As Yahoo shareholders profited, so did Ms. Mayer.
Most of Ms. Mayer’s paycheck ultimately came from the gains in Yahoo’s Alibaba and Yahoo Japan investments, over which she had little control.
Thanks to an investment made in 2005, Yahoo had a 24 percent stake in Alibaba, which today is China’s leading e-commerce company.
Yahoo also owns about 36 percent of Yahoo Japan, now worth about $9 billion, that it received as part of a deal struck in 1996, shortly after Yahoo was founded.
Through a combination of acquisitions and hiring, she vastly expanded Yahoo’s mobile team, which initially produced some buzzy hits like the Yahoo Weather app and Yahoo News Digest, along with more prosaic updates of core Yahoo features like fantasy sports and email.
Ms. Mayer largely failed in her quest to make Yahoo a “Daily habit” for more users in online video, search and messaging.
Peter Monaco, who was a vice president for engineering at Yahoo for three years before leaving for Facebook last September, said Ms. Mayer does not get enough credit for transforming Yahoo’s culture.
Ms. Mayer, who once made the grueling trek to the top of Mount Kilimanjaro, Africa’s highest peak, said last year that fixing Yahoo was like climbing a mountain.

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Summary of “Popular People Live Longer”

The human body’s sensitivity to popularity may reflect the effects of natural selection over thousands of years.
As social beings, we protected one another, shared resources and collaborated to gain advantages over other species.
Our popularity may have an effect on our DNA.George Slavich and Steve Cole, experts in the field of human social genomics at the University of California, Los Angeles, have described our genomic material as being exquisitely “Sensitive to social rejection.” They study what happens immediately after we’ve been left by a romantic partner, excluded from a social event, rejected by a stranger or even simply told that we may be judged by others we care about.
Professors Slavich and Cole suggest that ancestral humans who had no peers to defend them no longer had a great need to be protected from viruses – who would infect them? – so their bodies conserved energy by reducing their vigilance to infection.
That’s most likely why our concern for social standing begins so early and persists throughout our lives.
Dozens of studies reveal that children’s popularity can be measured reliably by age 3, and it remains remarkably stable not just through the next dozen years of primary and secondary education but also across contexts, as they move from community to community and into adulthood.
This same research reveals that there is more than one type of popularity, and most of us may be investing in the wrong kind.
Likability is markedly different from status – an ultimately less satisfying form of popularity that reflects visibility, influence, power and prestige.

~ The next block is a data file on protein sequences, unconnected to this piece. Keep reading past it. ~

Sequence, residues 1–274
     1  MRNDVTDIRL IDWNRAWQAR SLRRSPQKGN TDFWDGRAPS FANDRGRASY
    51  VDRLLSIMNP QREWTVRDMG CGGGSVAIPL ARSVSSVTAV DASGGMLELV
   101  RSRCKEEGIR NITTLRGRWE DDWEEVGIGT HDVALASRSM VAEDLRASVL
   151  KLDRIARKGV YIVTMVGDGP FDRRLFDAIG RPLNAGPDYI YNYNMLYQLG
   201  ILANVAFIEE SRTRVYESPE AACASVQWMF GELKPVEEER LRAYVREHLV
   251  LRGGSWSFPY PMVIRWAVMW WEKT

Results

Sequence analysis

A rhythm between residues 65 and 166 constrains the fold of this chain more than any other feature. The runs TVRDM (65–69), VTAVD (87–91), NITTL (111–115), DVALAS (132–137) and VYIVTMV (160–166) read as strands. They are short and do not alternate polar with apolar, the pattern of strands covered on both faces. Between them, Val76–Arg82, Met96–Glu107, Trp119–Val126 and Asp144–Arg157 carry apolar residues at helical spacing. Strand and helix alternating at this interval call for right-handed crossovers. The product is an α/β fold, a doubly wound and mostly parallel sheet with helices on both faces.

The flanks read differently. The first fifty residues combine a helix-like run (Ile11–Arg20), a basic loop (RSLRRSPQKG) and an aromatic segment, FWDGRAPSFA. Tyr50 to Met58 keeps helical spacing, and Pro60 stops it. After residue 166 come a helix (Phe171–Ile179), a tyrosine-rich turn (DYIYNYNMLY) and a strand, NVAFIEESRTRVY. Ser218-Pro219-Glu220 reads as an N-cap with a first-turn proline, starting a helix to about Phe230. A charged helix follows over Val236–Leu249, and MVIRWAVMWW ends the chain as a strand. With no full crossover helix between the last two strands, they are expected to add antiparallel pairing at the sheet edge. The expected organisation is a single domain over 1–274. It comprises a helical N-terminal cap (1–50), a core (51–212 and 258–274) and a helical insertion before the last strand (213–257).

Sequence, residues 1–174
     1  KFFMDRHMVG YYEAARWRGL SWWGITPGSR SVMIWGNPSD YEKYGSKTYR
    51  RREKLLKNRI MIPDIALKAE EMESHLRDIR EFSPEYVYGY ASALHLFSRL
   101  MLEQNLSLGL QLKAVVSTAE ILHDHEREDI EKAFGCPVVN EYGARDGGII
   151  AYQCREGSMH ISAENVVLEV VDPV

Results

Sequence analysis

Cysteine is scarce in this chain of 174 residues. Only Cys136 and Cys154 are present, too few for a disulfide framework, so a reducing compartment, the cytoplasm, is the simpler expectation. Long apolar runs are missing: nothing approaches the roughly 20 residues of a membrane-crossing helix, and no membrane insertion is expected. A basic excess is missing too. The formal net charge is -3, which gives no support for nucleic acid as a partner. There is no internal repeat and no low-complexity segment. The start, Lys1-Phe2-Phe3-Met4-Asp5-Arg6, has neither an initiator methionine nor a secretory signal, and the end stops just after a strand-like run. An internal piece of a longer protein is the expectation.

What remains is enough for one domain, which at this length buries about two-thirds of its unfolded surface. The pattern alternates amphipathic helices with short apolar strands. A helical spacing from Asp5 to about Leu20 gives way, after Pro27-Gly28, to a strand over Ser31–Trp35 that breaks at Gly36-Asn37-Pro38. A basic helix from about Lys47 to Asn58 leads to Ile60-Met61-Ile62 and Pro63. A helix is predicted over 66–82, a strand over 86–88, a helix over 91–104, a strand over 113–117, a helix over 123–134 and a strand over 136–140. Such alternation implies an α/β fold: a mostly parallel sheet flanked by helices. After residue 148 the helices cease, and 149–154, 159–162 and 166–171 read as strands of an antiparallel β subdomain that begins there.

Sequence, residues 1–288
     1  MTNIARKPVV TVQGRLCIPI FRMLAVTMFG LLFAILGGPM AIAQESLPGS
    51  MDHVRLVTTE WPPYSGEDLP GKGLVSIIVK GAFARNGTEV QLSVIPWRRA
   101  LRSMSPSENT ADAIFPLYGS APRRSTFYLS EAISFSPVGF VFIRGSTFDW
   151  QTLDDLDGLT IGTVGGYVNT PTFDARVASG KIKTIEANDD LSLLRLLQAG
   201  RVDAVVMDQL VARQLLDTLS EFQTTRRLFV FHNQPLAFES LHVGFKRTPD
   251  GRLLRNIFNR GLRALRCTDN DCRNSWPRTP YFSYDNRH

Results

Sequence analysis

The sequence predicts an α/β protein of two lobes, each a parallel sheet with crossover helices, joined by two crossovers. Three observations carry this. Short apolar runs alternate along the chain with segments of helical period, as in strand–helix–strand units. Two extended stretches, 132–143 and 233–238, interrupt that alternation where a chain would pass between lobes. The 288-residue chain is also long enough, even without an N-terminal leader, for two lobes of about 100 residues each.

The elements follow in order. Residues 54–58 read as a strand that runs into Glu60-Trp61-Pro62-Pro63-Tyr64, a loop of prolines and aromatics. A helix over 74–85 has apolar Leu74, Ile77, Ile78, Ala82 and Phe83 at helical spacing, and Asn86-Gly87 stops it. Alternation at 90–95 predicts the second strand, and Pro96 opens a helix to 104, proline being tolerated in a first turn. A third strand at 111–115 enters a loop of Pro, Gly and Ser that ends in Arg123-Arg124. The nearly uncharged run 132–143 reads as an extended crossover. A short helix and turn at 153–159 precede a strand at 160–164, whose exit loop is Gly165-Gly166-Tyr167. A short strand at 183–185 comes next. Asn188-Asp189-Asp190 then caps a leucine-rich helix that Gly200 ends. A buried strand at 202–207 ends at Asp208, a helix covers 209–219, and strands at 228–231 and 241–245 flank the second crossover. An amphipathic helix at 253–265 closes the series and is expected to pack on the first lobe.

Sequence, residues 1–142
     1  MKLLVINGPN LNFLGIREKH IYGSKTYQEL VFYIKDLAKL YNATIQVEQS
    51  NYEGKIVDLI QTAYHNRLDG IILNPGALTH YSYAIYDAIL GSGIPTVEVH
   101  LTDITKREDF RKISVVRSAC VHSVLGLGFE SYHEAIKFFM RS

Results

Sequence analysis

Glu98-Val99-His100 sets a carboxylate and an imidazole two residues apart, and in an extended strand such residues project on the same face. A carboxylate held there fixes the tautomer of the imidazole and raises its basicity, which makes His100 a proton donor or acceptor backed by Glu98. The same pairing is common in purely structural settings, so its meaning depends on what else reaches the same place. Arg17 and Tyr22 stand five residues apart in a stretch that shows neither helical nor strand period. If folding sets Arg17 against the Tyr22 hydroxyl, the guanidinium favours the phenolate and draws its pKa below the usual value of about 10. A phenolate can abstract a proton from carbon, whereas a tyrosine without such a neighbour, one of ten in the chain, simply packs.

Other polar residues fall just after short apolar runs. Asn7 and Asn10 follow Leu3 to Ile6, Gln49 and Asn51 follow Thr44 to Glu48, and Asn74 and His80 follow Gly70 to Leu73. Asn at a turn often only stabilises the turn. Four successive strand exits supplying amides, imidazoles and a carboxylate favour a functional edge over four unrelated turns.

Status can be quantified by social media followers; likability cannot.
We may be built by evolution to care deeply about popularity, but it’s up to us to choose the nature of the relationships we want with our peers.

The orginal article.

Summary of “Your mind can be trained to control chronic pain. But it will cost you”

Interest is again surging in a treatment method called biopsychosocial pain management, which trains patients to manage chronic pain with tools ranging from physical therapy to biofeedback to meditation.
It helped Carl White, a 43-year-old social worker from Leroy, Minn. The catch? It can take weeks and cost tens of thousands of dollars – and thus remains out of reach for most patients with chronic pain.
When pain is not just physical Chronic pain affects nearly 50 million Americans, according to the American Pain Foundation.
Chronic pain has a substantial psychological element: Being in pain often leads to self-imposed isolation.
“In the case of chronic pain, that system has gone awry,” Sperry said.
So although the pain may have originated in the foot, patients end up with headaches, chronic nausea, chronic fatigue, and back pain – developing a host of other symptoms as the brain short-circuits.
“Focusing solely on a pain generator in the body,” like a herniated disc or nerve damage, “Utterly and completely misses the chronic, complex, changing nature of chronic pain” as it’s processed and experienced in the brain over time, said Dr. Tracy Jackson, an associate professor of anesthesiology and a pain specialist at Vanderbilt University.
It’s tough to estimate how many people with chronic pain develop a dependence on medications, but in 2014, about 2.5 million adults had opioid addictions – and many of those addictions started with a prescription for potent pain pills.
“If it’s a 1-to-10 pain scale., a chronic pain patient will say, ‘Mine’s at a 12 or 13,'” White said.
Sperry has appealed to Congress to accelerate the shift with more funding – not just for chronic pain and addiction treatment, but also for medical education.

The orginal article.

Summary of “Making a Marriage Magically Tidy”

A year into our marriage, my husband said: “Would you mind keeping the dining room table clean? It’s the first thing I see when I come home.”
To keep my buzz going, I asked my husband if I could clean his closet.
My husband played hopscotch, never uttering a word of contempt, seemingly O.K. to coast on the memory of a pristine home as if it had been a once-in-a-lifetime bucket-list thrill like white-water rafting or winning a Pulitzer.
I scared myself straight by binge-watching “Hoarders.” What do you mean that woman couldn’t claw her way through her grocery bag “Collection” to give her husband CPR? That was not going to happen to me.
My husband confessed that his inheritance of Greek doilies and paintings of fishing boats from his grandmother did not spark joy.
The downside is that my husband has created a monster.
Without hesitation, my husband will always choose the apartment.